• You don’t have to have sex, or have sex in any way that you find uncomfortable or unpleasant, to keep anyone’s love or good opinion of you. They didn’t love you or think very well of you to start with if they demand it. 
  • You don’t have to stay with someone who isn’t meeting your emotional or sexual needs because they need you, or you’ve been with them for awhile, or you need to be in a relationship. You need you. Your time is your own and it is finite. 
  • It’s ok to work at a job you enjoy that doesn’t make you miserable even if it’s not a career and it won’t “lead to anything.” 
  • Your life is not a narrative. It is not leading to anything, there is no overarching thesis, it does not have themes beyond the usual shared cultural experiences of your time and place. This is ok. It does not mean that your life is without purpose or meaning. 
  • It’s ok not to like or get along with the vast majority of people you encounter, so long as you afford them the same respect, courtesy and dignity that they afford you. 
  • Expensive is not always better. 
  • Failure is temporary if you’re still alive. 
  • People are both much better and much worse than you’d suspect, but usually not all at once.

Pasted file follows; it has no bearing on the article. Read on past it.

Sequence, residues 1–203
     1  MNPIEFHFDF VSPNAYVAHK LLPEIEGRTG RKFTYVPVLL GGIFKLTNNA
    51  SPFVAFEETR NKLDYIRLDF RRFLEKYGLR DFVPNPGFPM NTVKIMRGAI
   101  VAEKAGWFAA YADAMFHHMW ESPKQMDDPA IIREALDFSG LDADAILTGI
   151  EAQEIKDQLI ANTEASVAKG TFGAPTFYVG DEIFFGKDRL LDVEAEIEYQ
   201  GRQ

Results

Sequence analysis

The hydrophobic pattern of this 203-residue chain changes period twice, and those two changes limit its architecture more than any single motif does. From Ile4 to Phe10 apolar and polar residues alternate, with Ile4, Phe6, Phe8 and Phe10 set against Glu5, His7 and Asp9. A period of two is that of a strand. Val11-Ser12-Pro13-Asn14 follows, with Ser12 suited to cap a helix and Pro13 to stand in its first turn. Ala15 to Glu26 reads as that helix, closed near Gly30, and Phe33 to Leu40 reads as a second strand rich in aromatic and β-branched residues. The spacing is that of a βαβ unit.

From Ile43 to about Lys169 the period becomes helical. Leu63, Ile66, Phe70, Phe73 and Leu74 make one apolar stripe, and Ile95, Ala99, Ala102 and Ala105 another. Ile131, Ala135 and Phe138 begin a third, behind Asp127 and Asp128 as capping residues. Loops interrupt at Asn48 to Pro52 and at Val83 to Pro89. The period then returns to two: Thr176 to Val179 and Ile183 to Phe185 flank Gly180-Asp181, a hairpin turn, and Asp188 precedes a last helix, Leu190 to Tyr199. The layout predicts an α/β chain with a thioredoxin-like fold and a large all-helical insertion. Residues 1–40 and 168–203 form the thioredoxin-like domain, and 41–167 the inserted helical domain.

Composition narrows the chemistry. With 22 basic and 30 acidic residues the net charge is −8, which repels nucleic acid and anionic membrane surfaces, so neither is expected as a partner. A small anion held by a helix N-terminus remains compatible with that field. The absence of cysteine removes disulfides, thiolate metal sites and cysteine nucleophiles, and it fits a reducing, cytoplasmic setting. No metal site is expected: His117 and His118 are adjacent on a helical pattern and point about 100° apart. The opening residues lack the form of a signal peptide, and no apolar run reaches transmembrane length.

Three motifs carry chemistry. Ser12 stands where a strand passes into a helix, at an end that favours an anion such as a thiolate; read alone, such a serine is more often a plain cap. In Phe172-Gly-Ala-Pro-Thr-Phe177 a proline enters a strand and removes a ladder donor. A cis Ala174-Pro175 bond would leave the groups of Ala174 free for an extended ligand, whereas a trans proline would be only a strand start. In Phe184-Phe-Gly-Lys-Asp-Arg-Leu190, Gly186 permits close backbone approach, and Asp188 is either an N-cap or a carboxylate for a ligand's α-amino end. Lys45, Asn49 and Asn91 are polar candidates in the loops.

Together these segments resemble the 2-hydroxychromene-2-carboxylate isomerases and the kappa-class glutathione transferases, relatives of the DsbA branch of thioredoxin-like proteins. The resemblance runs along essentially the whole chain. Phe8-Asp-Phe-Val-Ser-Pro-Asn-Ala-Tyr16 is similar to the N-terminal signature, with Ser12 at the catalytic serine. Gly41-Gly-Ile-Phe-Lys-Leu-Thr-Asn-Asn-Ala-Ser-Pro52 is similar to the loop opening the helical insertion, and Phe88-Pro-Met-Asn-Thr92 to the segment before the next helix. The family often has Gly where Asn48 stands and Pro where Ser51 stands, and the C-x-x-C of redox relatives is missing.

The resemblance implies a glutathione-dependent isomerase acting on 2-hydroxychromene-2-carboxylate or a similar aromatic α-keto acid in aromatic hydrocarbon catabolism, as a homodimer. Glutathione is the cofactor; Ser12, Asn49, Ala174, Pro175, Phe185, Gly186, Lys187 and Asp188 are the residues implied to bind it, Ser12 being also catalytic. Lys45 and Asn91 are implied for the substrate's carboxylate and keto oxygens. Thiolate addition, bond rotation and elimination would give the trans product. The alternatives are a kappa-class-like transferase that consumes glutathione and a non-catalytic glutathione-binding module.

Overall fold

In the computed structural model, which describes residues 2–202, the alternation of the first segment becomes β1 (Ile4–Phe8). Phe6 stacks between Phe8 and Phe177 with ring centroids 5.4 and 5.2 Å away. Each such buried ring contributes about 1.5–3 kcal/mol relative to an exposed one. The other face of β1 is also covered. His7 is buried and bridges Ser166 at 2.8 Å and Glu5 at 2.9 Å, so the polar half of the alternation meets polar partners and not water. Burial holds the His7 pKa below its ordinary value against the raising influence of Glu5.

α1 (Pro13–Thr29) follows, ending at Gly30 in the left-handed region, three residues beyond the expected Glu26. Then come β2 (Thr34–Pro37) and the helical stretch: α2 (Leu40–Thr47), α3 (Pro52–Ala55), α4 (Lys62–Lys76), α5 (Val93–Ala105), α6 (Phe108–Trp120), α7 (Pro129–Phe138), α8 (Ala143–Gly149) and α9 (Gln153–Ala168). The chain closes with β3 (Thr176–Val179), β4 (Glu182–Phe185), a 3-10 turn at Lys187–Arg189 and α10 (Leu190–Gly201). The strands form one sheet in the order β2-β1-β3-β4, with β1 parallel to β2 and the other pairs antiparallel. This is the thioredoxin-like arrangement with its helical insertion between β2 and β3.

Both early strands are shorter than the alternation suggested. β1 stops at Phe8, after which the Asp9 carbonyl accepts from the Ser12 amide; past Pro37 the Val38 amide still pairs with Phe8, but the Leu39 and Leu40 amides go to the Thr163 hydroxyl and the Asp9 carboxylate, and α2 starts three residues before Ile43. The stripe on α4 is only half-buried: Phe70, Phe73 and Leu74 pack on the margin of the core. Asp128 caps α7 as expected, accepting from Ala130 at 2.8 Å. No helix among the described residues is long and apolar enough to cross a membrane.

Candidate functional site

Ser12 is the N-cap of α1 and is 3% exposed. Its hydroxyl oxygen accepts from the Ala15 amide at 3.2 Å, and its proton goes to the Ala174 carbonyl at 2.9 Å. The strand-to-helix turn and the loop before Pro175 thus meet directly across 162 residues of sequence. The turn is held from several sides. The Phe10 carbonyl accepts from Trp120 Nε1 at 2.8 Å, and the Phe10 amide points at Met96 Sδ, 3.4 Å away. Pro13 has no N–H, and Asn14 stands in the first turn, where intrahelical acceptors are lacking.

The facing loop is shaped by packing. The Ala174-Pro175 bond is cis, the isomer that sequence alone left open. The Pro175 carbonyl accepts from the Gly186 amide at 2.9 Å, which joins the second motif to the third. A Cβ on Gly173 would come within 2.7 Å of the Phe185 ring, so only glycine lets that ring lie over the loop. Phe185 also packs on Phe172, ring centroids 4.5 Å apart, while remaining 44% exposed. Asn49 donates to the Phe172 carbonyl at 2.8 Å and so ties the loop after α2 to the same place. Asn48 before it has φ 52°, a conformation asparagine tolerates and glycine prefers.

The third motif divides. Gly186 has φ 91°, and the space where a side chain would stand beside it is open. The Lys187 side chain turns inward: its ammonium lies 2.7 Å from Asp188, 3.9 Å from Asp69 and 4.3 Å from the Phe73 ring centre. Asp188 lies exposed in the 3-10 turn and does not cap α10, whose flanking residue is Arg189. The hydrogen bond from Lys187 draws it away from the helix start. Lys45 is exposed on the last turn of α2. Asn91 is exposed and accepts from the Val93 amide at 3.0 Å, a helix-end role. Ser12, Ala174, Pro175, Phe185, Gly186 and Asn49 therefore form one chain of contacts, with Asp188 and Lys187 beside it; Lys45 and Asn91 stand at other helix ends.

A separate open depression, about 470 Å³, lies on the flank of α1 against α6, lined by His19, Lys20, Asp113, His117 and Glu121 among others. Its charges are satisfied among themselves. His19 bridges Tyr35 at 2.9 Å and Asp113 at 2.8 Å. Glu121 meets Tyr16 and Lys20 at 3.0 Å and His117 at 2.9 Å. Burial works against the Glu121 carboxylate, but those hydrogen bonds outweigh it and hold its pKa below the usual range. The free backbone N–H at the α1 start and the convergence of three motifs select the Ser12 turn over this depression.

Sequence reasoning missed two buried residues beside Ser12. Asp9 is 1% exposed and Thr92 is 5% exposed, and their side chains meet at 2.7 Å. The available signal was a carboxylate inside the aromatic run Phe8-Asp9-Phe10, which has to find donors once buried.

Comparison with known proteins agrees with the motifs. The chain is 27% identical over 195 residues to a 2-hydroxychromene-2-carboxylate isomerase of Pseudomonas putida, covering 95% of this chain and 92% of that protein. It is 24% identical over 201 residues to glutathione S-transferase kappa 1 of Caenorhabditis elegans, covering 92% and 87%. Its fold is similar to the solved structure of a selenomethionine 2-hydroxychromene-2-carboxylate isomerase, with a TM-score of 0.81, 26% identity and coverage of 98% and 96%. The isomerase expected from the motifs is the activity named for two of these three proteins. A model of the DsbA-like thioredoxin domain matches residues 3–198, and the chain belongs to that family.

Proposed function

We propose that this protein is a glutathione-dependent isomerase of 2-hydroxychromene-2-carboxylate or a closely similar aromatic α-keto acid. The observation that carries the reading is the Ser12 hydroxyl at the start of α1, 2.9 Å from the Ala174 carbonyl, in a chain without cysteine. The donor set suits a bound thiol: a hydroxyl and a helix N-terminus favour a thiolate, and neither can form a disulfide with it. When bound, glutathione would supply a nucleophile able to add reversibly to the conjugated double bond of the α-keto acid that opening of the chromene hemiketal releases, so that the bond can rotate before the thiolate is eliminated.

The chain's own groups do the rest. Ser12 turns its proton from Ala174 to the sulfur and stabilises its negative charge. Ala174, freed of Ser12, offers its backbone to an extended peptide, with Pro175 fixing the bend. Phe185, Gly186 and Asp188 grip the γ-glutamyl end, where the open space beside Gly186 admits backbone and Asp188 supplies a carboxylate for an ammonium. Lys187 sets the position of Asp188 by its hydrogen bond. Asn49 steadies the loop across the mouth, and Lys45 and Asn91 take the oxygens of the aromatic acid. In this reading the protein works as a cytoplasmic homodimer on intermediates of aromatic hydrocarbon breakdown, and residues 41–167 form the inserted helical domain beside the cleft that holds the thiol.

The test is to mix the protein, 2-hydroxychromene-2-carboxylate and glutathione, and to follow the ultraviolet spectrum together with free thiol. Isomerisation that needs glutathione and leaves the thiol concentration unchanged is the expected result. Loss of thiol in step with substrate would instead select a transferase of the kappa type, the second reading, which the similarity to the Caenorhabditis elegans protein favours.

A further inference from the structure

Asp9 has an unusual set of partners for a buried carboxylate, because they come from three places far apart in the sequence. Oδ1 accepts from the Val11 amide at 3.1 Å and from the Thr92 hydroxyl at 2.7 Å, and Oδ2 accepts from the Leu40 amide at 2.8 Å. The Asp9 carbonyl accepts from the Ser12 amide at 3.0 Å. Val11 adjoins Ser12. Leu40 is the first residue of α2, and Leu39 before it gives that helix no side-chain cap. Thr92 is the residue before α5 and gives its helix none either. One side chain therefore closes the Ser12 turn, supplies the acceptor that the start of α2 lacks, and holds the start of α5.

• Stop thinking of your future self as a different person and it will be easier to prevent money and health problems. 
  • Let people help you, lean on them when you need to, and be available to help, but don’t swing too far in either direction. Try to carry your half of the life basket as evenly as you can. 
  • Set boundaries, and do not be afraid to kick people out of your life who disregard them. You will not end up alone and unloved. People who love you will be ok with your boundaries. 
  • Your power does not come from money or beauty, but from seeing life steadily and wholly, from a curious and thoughtful mind, and from your ability to say no when you want to, and yes when you want to, and I don’t know when you don’t know. 
  • There will be bad times, maybe lots of bad times, but not only bad times. 
  • Love will not heal the wounds in your soul, but love can give you the impetus to begin the work of healing yourself. 
  • Life might be a long series of starting over, and that’s alright. 
  • You’re really cool, you’re really beautiful, you’re really special. Really. Not to everyone, but to a lot of someones sometimes.
escapedgoat
ctron164:

goddesscru:

kinshishi:

wendyss:

Ruby Bridges, the first African-American child to attend an all-white elementary school in the American South, escorted by U.S. Marshals dispatched by President Eisenhower for her safety. 14 November, 1960

from Wikipedia: